The Philosopher Who Coined the Term ‘Nationalism’ Also Preached Inclusivity

275 Years Ago, Johann Gottfried Herder Imagined Nations Forming Around a Common Language and Culture, Not a Common Enemy

Since the French Revolution, a brilliant cast of ideologies has starred on the world stage, ranging from conservatism to liberalism to communism. Yet the -ism that has been most resilient, and today has become resurgent, is one that modern thinkers dismissed as a walk-on. Nationalism, the political theorist Isaiah Berlin once observed, was long thought to be an allergic reaction of national consciousness when “held down and forcibly repressed by despotic rulers.” Remove this particular allergen, and the sneezing fit of nationalism would end. 
 
Yet as we stumble into …

How an Ancient Greek Notion of Goodness Can Help Us Live Right in the Modern Age

As the Anglo-Irish Writer Iris Murdoch Learned From Plato, by Overcoming Our Egotistical Desires We Can Find a Higher Truth 

By swotting the classics of Western morality, can one learn to be good? Philosophy is having a pop culture moment thanks to The Good Place, a sitcom about people in …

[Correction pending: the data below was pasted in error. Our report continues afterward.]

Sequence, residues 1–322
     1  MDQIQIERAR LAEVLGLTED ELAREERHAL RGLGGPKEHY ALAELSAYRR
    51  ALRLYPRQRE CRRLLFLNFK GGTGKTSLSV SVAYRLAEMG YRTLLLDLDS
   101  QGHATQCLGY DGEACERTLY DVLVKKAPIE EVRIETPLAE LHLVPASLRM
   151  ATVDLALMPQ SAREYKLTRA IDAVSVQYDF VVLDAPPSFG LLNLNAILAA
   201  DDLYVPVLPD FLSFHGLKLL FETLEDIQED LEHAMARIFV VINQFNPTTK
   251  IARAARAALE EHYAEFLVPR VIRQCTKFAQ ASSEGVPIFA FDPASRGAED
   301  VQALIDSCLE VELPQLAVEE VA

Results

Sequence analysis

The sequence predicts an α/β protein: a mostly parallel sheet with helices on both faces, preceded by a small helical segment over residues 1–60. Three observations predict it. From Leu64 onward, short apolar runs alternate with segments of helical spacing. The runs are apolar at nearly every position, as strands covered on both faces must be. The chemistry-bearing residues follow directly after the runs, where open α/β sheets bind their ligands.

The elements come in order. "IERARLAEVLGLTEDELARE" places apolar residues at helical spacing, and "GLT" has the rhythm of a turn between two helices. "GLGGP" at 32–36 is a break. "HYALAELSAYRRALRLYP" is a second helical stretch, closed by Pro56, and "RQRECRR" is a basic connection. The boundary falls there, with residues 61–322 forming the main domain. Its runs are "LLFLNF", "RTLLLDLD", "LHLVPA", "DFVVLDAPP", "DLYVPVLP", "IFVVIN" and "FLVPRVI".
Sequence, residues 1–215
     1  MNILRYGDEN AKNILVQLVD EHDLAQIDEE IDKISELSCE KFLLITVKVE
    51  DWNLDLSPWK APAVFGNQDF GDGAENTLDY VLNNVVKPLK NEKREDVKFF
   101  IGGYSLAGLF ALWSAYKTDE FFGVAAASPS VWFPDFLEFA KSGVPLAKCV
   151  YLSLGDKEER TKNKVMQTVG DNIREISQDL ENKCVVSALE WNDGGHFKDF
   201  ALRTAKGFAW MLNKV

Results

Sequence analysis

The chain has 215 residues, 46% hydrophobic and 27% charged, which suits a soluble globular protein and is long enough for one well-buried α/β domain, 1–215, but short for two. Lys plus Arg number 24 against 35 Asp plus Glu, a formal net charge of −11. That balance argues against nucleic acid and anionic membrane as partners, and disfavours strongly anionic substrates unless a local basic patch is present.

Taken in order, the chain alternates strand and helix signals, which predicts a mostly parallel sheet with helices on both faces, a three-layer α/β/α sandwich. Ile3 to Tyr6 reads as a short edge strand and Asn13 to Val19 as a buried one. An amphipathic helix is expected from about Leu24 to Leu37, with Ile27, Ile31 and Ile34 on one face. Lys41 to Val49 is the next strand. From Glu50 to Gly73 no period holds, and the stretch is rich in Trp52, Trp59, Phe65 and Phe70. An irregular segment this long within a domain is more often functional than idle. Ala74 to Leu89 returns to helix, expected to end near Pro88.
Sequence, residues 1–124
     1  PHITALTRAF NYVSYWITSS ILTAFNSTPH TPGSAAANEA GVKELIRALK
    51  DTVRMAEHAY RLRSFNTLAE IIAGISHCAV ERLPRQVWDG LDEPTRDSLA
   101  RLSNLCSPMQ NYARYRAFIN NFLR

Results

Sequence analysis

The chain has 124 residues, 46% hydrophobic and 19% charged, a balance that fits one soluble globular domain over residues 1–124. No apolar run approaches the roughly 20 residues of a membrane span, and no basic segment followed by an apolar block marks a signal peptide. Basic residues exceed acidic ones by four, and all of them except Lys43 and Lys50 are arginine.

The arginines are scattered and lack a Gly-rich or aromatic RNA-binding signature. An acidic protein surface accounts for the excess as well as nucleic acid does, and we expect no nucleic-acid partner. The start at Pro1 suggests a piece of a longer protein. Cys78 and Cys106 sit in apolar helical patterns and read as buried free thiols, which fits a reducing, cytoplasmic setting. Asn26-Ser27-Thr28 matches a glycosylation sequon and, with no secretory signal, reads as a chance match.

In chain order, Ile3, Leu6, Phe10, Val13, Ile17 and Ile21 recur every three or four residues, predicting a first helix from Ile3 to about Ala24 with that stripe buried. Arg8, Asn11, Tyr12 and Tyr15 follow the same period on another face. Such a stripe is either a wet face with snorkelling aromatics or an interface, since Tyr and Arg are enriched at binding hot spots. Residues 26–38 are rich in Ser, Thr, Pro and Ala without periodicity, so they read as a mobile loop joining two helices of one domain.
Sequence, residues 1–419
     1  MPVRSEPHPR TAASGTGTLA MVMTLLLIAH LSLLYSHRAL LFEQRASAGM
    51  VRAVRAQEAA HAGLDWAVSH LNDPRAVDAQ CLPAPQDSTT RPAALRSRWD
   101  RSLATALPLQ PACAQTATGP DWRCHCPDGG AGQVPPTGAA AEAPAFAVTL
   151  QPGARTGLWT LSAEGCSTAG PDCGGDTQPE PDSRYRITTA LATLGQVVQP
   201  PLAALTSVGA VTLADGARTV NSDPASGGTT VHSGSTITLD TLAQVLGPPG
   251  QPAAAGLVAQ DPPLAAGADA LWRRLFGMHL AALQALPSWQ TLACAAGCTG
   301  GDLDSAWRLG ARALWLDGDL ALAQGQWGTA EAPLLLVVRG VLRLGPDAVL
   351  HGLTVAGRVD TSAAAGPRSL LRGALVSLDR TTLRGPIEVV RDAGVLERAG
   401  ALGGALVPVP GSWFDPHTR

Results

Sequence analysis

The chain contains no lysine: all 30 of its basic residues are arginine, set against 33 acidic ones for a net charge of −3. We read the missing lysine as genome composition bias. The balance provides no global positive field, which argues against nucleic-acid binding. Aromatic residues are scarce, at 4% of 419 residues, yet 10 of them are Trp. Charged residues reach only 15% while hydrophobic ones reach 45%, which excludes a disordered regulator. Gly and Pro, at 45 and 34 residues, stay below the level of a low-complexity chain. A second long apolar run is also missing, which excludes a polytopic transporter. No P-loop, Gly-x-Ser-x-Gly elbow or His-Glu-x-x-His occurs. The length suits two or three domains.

When Is It Right (or Wrong) to Rebel?

Considering Syria Through the Writings of Thomas Hobbes Shows the Promise and Perils of Revolution

When protesters confronted the autocrats of Tunisia, Egypt, Libya, and Syria early in 2011, many liberally minded people around the world hailed this Arab Spring as a moment of great …

Is Forgiveness the Basis of a Healthy Democracy?

An Iranian Philosopher Posits That Only Absolving Others of Blame Can Open Dialogue and Rebuild Decency

Why do we have such difficulty thinking about forgiveness? Read the news on any day and you’ll find stories of war, injustices present and past, and attacks on democracy. It’s …

The Austrian Philosopher Who Showed That Words Can Spark Humanism—or Barbarism

Ludwig Wittgenstein Saw Language as a "Game," and Whoever Makes the Rules Holds the Power

Ludwig Wittgenstein, the Austrian-British philosopher and logician, famously coined the term “language-game”—a term meant, as he writes in his Philosophical Investigations (1953), “to bring into prominence the fact that the …